Using similar but darker colors can help create shading that is true-to-life. And many types of roses are multicolored. Adding a second color can really make your roses stand out.
15. How to Draw an Open Rose from Scratch
Open roses are notoriously difficult to draw, especially for beginners. But you can learn and develop your skills with this lesson from Easy Drawing Tips.
They advise you to start from the inside out, creating larger petals as you progress outward. Any guidelines you created while drawing can be removed at this point or at least blended for a more natural look.
How to Draw a Realistic Rose Step by Step
Step 1. Start with a Circle
Use a light touch to create a circle-type shape. It shouldn’t be perfect, just roughly circular.
Step 2. Add Small, Tight Petals
Start in the center of the circle creating small, tight petal shapes.
Step 3. Adding C and D-Shaped Petals
As you move outward in the circle, the petals get larger. You can create these using wide “C” and “D” type shapes. They overlap and grow randomly, so try not to be too uniform.
Step 4. Continue Adding Petals
As you get closer to the outside of the circle, the petal shapes should get more prominent and less uniform.
Step 5. Add Color
Use a red pencil to add detail to your existing lines and petal shapes. Start inside and work out the same way you did when you started your drawing.
Step 6. Add Detail
The character in a rose comes from all the little details. Petals grow in different sizes and overlap, but some also have tears or striations. Some are rounded or curved, and some are pointed. They crinkle.
Adding these details will help your rose look even more realistic. And adding heavier lines in some sections will create the appearance of weight and depth.
How to Draw a Rose FAQ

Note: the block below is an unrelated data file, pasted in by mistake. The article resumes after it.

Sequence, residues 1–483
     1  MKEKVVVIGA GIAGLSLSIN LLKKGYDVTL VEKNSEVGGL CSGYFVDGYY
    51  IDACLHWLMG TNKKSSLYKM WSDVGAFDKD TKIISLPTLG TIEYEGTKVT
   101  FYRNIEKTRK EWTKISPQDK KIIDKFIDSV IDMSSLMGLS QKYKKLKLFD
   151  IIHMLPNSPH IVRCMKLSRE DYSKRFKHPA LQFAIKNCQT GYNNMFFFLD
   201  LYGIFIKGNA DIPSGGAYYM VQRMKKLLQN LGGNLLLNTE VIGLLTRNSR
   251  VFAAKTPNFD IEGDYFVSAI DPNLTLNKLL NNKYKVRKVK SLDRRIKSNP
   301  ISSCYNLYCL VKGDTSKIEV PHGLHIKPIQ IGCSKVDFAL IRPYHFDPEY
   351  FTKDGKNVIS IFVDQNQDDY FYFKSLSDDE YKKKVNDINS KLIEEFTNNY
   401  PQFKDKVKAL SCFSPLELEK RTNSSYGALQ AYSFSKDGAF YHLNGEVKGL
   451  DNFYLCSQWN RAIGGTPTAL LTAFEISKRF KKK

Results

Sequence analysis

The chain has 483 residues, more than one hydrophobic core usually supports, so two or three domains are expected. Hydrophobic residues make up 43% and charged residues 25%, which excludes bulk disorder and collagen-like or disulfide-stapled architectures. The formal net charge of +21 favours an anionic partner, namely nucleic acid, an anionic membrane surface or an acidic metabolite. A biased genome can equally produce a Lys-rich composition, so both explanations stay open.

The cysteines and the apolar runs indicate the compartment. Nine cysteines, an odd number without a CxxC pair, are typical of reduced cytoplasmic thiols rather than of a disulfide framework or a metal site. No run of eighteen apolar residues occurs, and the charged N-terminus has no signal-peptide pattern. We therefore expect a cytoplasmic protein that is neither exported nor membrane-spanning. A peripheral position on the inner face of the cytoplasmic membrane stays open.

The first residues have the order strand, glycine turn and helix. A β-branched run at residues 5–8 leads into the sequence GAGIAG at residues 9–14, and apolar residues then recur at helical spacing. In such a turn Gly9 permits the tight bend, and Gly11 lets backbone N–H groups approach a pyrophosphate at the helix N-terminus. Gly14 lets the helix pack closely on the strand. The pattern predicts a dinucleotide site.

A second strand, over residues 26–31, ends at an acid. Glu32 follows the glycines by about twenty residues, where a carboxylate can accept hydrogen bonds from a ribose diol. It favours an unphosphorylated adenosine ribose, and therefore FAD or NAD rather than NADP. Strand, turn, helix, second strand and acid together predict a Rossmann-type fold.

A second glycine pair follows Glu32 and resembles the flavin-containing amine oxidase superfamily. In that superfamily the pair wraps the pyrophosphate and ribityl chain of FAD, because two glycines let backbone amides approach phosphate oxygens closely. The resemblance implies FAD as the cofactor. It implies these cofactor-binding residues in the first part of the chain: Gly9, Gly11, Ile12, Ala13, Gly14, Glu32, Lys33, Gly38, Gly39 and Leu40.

Is it hard to draw a rose?
Roses can be tough to draw. There are many petals on this type of flower and many layers of petals. Once each layer has been completed, the entire structure must be shaded.
What does a rose symbolize in art?
Roses are most commonly symbolic of love. But they also represent power, royalty, beauty, sensuality, and mysticism. They have symbolized Christianity, religion, and the Greek gods.
Aphrodite was commonly associated with roses. But stories in the bible refer to them as well.
Roses in the garden of Eden were said to be thornless, but the crown of thorns used in the crucifixion was also said to be a rose vine. And, of course, they have long been symbols in fairy tales and literature of love and longing.
Why would you need a rose drawing?
There are many reasons you might need a rose drawing. It might be for yourself to symbolize beauty or self-love. Or you might be creating a piece of art for a loved one.
Perhaps you’re just looking for a way to hone your skills or a new decoration for your home office or dining room. The reasons are nearly limitless.
We’ve talked about many different approaches for how to draw a rose. Which one you choose is up to you. Your level of skill and patience will be the first determiner. How elaborate you want to go will be next.
But like anything else, practice makes perfect. So keep at it, and before you know it, you can create gorgeous, professional-looking roses all on your own.